The East Portal of the Staple Bend Tunnel was considerably less ornate. Wikimedia

10. Sleeper stones

During the construction of the Allegheny Portage Railroad, cost considerations drove much of the initial system. Huge amounts of granite and other rock were unearthed, some of it going to line the canal beds and walls. Other uses of granite, which was in abundance, proved less successful. One such use was placing granite stones as the foundation of the rail beds, supporting the weight of the trains as they passed along the rails. Granite stones, known as sleepers were cut and placed beneath the iron rails. They proved unsatisfactory. Water permeated the stones and caused them to split from the weight and vibration of the trains. They also demonstrated a tendency to move, leaving sections of rail unsupported.

When the railroad opened nearly its entire length rode on granite sleeper stones, cut from the walls of the mountain. By 1840 most had been replaced with wooden ties. The wood both supported and cushioned the rails, and replacing them as necessary was easier for maintenance crews. The technology of using wooden ties was adopted by other railways in the United States, including the Baltimore and Ohio, then pushing west toward Harpers Ferry in Virginia, and the Pennsylvania Railroad. The stone sleepers found other uses, including being broken up for stone fences and walls, and building construction. The gaps left where they were cut from the mountainsides can still be seen throughout much of central Pennsylvania.

America’s First Technological Titan that Changed the Course of History
As locomotives became more powerful they replaced animal power on the levels. Park Trips and More

11. The puffer engines

Animal power for moving cars and eventually canal boats along the levels gave way to steam in the early days of operation. Small locomotives arrived in 1835 to take their place. Though locomotives were not them capable of the power and traction necessary to make it up the grades they were suitable for the more level sections (which weren’t entirely level, most had a slight grade). The locomotives created a requirement for water towers and cranes to replenish their sources of steam. They also added to the bustle and aura of excitement along the 36-mile portage. At first, they used wood as their fuel source, later supplanted by coal. Both were plentiful in the area.

The engines proved their worth when the portage began hauling canal boats out of the water for their journey across the mountain. Flatbed rail cars, backed into the canal on-ramps, received the boats, and the locomotives hauled them up, across the first level, to the hitching sheds at the base of the inclines. They returned to the canal hauling boats which were refloated in a reverse of the previous operation. Articulated railcars allowed for two or more boats hauled at the same time, an operation which improved locomotives eventually expanded into several boats moving at once. Wire ropes allowed multiple boats hauled up the inclines, connected to each other, their weight countered by boats simultaneously descending.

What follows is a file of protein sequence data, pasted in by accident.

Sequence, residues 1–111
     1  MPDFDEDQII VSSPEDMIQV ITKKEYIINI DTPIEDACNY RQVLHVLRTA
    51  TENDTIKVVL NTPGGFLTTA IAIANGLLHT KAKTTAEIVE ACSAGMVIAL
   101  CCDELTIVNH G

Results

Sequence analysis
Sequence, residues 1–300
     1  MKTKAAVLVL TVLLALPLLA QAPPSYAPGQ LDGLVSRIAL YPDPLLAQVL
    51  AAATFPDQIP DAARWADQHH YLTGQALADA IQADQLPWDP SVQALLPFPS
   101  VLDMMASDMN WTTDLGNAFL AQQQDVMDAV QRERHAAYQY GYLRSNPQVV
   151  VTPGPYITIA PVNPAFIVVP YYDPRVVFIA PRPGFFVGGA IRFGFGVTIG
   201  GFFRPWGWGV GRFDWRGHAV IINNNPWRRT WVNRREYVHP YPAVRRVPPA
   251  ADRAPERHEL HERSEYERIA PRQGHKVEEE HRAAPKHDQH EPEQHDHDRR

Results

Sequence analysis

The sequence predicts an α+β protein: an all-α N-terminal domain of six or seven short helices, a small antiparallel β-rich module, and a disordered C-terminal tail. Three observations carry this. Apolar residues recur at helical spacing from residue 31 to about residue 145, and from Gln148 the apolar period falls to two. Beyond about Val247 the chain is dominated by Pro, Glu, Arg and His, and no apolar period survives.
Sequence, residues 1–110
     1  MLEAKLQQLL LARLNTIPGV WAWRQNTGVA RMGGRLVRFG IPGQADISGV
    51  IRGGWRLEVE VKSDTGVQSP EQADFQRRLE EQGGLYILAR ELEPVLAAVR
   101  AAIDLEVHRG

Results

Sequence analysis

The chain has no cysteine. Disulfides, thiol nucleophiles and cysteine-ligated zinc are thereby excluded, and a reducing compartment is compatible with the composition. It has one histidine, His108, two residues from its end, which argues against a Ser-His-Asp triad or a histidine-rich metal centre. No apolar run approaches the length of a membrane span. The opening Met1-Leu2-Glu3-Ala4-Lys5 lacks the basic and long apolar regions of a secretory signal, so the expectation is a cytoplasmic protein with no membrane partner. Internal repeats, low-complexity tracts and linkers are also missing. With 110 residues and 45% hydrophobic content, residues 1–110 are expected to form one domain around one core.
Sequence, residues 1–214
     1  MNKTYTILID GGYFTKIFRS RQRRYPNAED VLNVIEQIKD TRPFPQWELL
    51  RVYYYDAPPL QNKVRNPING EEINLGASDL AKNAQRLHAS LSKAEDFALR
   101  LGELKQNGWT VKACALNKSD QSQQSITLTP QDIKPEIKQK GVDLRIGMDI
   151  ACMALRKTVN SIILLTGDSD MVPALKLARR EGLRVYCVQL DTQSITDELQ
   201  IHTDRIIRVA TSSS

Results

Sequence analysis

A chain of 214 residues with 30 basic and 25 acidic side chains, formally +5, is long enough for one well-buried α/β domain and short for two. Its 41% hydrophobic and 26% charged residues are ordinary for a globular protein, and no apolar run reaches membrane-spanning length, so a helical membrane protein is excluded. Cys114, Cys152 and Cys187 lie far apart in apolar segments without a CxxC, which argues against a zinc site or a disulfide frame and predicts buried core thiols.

America’s First Technological Titan that Changed the Course of History
Much of the railroad’s infrastructure was cut from local stone by master stonemasons. National Park Service

12. The portage fueled the engines of its demise

By 1845 the Allegheny Portage Railroad was known throughout the United States and Europe as an engineering and technological marvel. Economically speaking, it presented limited success. Pittsburgh and other towns along the Main Line Canal, as well as towns connected by feeder canals, grew exponentially. Philadelphia never regained the lead as America’s international trading capital, but its ports and industries grew steadily. Engineers traveled to Hollidaysburg and Johnstown to examine the portage and its infrastructure, particularly its growing dependence on locomotives to move passengers and freight. Central Pennsylvania became a technology center for steam locomotives.

The Allegheny Portage became a testbed for new technologies which quickly came into play in other industries. Stationary engines, installed at the surface, began using wire ropes to haul ore trams along mine shafts, extracting coal, iron ore, and precious metals. More powerful locomotives, with improved drive systems, successfully encountered the previously discouraging grades of the eastern mountains. By the late 1840s, the railroads could move larger amounts of freight at speeds which exceeded those of the canals, which were restricted by the use of animal power to tow boats along the waterways. In 1847 the Pennsylvania Railroad was chartered with building a railroad connecting Pittsburgh to Harrisburg, bypassing the Allegheny Portage Railroad.

America’s First Technological Titan that Changed the Course of History
Taverns and inns supported travelers and workers on the canal and railroad. Pinterest

13. The Lemon House and tavern

Employees of the Allegheny Portage Railroad worked long hours, regardless of the jobs they held. They included animal handlers and stable operators; locomotive engineers, coal handlers, and boiler maintenance men. Trackmen walked the rails and conducted maintenance. Cargo handlers and boatmen worked on the waterfront. Carpenters and stonemasons built and maintained structures. Couplers connected the cars and boats to the hauling cables. Most lived within walking distance to where they worked. Taverns and inns were located at intervals along the 36-mile portage. One, the Lemon House, was both a residence for its owner and a resort to travelers and workers.